Do appearances matter?

Do appearances matter?

Politicians know—or they should—that appearances matter. Rachel Notley, former premier of Alberta, recently got herself tossed out of the Legislature for accusing a cabinet member of lying. And over what? Over the government’s firing a senior civil servant who was investigating apparent irregularities in their party’s leadership contest.

Maybe all is actually in order, as the government maintains. But it looks bad. And Ms. Notley knew it was something she should pounce on.

My late parents raised me in the strict piety of the Plymouth Brethren. Among the many other gifts this tradition gave me was seriousness about not only doing the right thing, but appearing to do the right thing. One’s “testimony” must remain clear.

So we avoided card playing not only because it might lead to gambling, but because it was associated with gambling and other people might conclude that we were gamblers. We avoided dancing not only because it might lead to illicit sex but because other people might simply assume we were enjoying a prelude to fornication. We avoided cinemas not only because we might see something we shouldn’t but also because others couldn’t know how circumspect we were in our choice of films. And so on.

One of the favourite phrases in such circles, in fact, comes from the King James Version (of course): its rendering of 1 Thessalonians 5:22, “Abstain from all appearance of evil.”

Christians in Canada today have to negotiate a tense public space. Last week I wrote about prayer breakfasts, wondering aloud about not only what they do, but how they look to a Canadian public many of whom are understandably nervous about anything that looks like a resurgent church-state nexus, anything approaching a Religious Right cozying up to political power. Appearances matter.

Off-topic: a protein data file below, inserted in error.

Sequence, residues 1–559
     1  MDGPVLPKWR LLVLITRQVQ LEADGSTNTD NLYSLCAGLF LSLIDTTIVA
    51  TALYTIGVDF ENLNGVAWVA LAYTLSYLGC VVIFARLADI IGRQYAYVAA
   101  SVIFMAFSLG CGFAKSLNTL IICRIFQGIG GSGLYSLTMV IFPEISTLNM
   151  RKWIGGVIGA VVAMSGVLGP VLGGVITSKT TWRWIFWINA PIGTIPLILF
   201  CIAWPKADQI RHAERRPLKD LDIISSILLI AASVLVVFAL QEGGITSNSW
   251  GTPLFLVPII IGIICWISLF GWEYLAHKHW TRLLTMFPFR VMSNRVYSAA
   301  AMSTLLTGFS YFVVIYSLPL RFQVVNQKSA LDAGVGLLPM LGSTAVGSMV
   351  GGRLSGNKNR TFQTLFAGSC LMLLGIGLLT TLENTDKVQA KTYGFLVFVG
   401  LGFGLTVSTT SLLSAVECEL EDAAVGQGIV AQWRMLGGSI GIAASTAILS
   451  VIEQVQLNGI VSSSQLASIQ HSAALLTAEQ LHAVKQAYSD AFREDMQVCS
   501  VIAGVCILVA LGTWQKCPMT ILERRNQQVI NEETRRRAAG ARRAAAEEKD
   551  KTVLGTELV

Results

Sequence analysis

As virtually any more modern translation makes clear, however, Paul’s admonition wasn’t about appearances, but about varieties. The New International Version says, “Reject every kind of evil.” And the New American Standard Bible, the New Revised Standard Version, and even the New King James Version actually agree on a wording: “Abstain from every form of evil.”

One recalls that the Lord Jesus himself developed a reputation as a “glutton and a drunkard” surrounded by wicked people (Matthew 11:19). Not only was he willing to be misunderstood, he seemed to positively cultivate a reputation of someone who frequented the company of the morally dubious as he sought friendship with those who might actually want to listen seriously to what he said.

It seems, therefore, that the penchant among many sincere Christians for a public reputation devoid of any ethical ambiguities might keep us from connecting with people who need to hear what we have to say.

At the same time, however, as people who do indeed have good news to share, we cannot be blithe about how we are coming across. Good motives and good messages aren’t enough. We must consider carefully not only what we think we’re communicating, but also what we are understood to communicate.

So it’s not enough for Kanye West to say, “Jesus is King.” How is he saying it? What else is he saying? What is he not saying? How is he living? What is the overall message he is giving to the world?

Of course Donald Trump’s favourite evangelical pastors should pray for him. But how are they praying for him? What else are they saying about him, and America, and God? What are they not saying, that ought to be said as well? What is the overall message they are giving to the world?

And, yes, Christians should pray for those in power. But should we host public ceremonies in which the influential and the famous are not just prayed for, but actually do some of the praying and the speaking? It’s good to signal to our neighbours that Christians care about more than spiritual things. But if we look like we’re angling for influence, what then? We need to check both our motives and our messages—all of them.

Otherwise people might well ask, Who is evangelizing whom?

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